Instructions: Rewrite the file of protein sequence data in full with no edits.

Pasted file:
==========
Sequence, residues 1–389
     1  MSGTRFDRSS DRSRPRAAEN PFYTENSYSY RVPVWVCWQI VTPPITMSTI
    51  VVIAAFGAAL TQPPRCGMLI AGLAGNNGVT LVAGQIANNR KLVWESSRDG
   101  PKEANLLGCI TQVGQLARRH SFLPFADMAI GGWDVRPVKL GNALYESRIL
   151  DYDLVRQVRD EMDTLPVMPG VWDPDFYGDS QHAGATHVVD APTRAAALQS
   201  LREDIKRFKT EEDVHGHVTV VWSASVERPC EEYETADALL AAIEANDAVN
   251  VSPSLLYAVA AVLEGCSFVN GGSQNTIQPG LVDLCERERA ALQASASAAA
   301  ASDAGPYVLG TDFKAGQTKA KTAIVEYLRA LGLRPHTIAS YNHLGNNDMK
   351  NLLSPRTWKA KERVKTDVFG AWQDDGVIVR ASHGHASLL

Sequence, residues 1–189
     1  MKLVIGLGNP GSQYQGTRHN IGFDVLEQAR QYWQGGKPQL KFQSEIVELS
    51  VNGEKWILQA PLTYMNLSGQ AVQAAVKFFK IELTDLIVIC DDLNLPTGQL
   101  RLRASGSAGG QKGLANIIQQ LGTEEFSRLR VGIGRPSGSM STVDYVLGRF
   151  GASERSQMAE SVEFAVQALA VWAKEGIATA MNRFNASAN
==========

Sequence, residues 1–389
     1  MSGTRFDRSS DRSRPRAAEN PFYTENSYSY RVPVWVCWQI VTPPITMSTI
    51  VVIAAFGAAL TQPPRCGMLI AGLAGNNGVT LVAGQIANNR KLVWESSRDG
   101  PKEANLLGCI TQVGQLARRH SFLPFADMAI GGWDVRPVKL GNALYESRIL
   151  DYDLVRQVRD EMDTLPVMPG VWDPDFYGDS QHAGATHVVD APTRAAALQS
   201  LREDIKRFKT EEDVHGHVTV VWSASVERPC EEYETADALL AAIEANDAVN
   251  VSPSLLYAVA AVLEGCSFVN GGSQNTIQPG LVDLCERERA ALQASASAAA
   301  ASDAGPYVLG TDFKAGQTKA KTAIVEYLRA LGLRPHTIAS YNHLGNNDMK
   351  NLLSPRTWKA KERVKTDVFG AWQDDGVIVR ASHGHASLL

Sequence, residues 1–189
     1  MKLVIGLGNP GSQYQGTRHN IGFDVLEQAR QYWQGGKPQL KFQSEIVELS
    51  VNGEKWILQA PLTYMNLSGQ AVQAAVKFFK IELTDLIVIC DDLNLPTGQL
   101  RLRASGSAGG QKGLANIIQQ LGTEEFSRLR VGIGRPSGSM STVDYVLGRF
   151  GASERSQMAE SVEFAVQALA VWAKEGIATA MNRFNASAN